Audit Methodology: How rigid is too rigid?

The Balancing Act

David Stevens weighs in on how changes to the audit standards might affect the methodology an audit practice employs when conducting an audit. Dave is our expert content advisor for our Audit products ( Audit System and Agile Audit on Caseware Cloud).

An ongoing challenge for any audit firm striving for optimal audit quality is to strike the right balance between driving consistency in the approach to audits undertaken and providing flexibility for their auditors to apply appropriate levels of professional scepticism and judgement.

A recent example of this tension between consistency and flexibility, is how audit firms are expecting their auditors to document their considerations of the new ASA 540: Auditing Accounting Estimates and Related Disclosures requirements. Audit firms are trying to find the right balance between ensuring auditors consider all the inherent risk factors that might be present in an audit area, without creating onerous documentation expectations for those audit areas not subject to significant estimation uncertainty.

Another example is how auditors are expected to determine  sample sizes. I think the most effective model is one which leads to  consistent sample sizes on populations with similar risk profiles.  Each model should, however, give an auditor the option to override the end result, where this is supported by adequately documented justification. 

Upcoming auditing standards, ASA 315 and ASQC 1, ASQM 2 and ASA 220 will be upon us before we know it. We are currently planning the changes required to various Caseware products over the next 12-24 months to ensure we update template functionality and content related matters can deliver the most efficient and effective outcomes for our customers.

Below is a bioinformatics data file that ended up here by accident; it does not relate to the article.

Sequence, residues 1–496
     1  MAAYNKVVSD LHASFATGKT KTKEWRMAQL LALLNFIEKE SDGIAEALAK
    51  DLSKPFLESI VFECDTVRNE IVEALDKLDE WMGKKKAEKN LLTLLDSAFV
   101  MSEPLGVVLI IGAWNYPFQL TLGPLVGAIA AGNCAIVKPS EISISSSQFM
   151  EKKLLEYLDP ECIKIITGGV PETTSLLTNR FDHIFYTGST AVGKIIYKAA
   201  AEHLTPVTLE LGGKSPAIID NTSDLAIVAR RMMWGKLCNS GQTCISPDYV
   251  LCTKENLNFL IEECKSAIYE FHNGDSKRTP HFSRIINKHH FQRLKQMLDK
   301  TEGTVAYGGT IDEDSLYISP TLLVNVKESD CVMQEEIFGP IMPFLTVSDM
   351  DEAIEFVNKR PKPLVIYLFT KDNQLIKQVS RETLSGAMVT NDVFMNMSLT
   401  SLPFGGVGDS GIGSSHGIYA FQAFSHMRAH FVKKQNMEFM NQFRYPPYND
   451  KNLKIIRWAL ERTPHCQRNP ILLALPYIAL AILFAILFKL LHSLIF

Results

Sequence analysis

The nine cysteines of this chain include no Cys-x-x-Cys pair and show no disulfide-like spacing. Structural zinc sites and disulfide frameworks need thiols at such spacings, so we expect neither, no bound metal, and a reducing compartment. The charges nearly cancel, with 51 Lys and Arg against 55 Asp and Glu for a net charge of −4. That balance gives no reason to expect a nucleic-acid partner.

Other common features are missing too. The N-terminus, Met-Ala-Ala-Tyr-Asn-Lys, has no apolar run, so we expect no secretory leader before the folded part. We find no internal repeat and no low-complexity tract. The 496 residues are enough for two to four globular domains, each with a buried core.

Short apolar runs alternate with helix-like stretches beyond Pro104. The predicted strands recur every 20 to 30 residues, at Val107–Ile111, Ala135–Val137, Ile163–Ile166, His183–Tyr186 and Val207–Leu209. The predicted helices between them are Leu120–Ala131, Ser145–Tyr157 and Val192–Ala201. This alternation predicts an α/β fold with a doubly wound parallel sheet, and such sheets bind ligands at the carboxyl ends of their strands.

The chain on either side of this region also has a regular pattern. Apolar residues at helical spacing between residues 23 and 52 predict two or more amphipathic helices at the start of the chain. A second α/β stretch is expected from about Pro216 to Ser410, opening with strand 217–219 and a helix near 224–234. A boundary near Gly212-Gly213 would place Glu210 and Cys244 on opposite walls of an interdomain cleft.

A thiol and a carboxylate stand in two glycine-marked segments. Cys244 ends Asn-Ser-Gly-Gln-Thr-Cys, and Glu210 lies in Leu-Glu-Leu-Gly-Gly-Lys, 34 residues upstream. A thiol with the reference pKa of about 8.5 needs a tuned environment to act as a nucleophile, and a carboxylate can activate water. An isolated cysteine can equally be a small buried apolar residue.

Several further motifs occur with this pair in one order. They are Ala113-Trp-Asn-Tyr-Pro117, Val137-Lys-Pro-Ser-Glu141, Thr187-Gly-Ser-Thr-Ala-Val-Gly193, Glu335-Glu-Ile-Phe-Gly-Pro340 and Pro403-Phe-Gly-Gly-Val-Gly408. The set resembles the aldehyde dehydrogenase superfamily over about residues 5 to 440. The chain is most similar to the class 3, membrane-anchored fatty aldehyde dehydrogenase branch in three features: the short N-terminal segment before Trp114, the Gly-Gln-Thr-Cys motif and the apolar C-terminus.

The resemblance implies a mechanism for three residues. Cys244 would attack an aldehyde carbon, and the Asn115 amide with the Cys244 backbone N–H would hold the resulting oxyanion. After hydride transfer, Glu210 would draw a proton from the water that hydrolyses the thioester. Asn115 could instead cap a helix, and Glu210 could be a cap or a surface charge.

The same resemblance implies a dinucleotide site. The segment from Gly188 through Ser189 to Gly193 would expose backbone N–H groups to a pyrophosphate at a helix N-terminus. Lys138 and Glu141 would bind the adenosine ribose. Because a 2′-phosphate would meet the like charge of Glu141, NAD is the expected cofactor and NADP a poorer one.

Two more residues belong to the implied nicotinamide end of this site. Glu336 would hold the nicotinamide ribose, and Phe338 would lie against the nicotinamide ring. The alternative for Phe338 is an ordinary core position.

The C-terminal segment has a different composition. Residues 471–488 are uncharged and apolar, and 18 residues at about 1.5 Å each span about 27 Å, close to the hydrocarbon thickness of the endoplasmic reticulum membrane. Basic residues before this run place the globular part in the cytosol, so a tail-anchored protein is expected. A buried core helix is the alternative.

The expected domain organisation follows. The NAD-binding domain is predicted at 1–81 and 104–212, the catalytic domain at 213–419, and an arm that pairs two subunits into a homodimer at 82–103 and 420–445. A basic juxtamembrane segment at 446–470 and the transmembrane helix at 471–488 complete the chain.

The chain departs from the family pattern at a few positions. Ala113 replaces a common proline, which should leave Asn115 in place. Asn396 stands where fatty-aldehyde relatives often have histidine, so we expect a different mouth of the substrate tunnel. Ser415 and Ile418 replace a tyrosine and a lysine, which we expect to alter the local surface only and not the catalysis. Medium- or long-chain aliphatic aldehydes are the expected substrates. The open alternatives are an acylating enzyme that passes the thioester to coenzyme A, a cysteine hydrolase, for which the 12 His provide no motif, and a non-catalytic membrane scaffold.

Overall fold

You might also be interested in Navigating the New Audit Quality Management Standards with Dave Stevens


Over the next 6-12 months each audit firm should be turning its attention to the upcoming changes to ASA 315 and the quality management standards and starting to consider how these will impact them.

It might be helpful to start with the following questions:

  1. Is our audit firm’s methodology fit for purpose?
  2. What changes need to be made to ensure compliance with the incoming auditing and quality management standards?
  3. How can we strike the right balance between consistency and flexibility in our changes to our audit methodology?

Feel free to reach out to me if you want to discuss how the future changes are likely to impact your firm.

Contact us to discuss solutions or any questions you might have